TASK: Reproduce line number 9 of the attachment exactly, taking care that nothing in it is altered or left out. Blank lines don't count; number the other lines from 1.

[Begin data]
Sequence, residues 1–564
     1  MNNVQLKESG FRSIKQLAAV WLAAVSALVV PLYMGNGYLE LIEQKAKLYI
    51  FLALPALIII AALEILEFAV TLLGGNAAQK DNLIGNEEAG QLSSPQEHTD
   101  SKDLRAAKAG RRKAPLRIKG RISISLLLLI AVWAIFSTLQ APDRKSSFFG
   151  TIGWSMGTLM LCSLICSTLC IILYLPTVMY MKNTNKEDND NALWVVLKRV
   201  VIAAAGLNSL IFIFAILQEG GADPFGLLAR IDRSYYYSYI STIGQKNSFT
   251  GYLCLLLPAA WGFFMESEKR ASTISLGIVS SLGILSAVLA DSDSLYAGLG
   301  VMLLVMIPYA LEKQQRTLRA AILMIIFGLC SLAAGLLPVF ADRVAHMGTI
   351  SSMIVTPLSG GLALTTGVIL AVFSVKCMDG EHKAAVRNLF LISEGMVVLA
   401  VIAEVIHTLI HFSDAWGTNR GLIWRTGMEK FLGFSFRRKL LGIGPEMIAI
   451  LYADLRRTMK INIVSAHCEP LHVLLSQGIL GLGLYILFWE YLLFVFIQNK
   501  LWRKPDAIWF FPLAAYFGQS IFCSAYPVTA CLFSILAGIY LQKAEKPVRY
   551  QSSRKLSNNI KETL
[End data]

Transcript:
   351  SSMIVTPLSG GLALTTGVIL AVFSVKCMDG EHKAAVRNLF LISEGMVVLA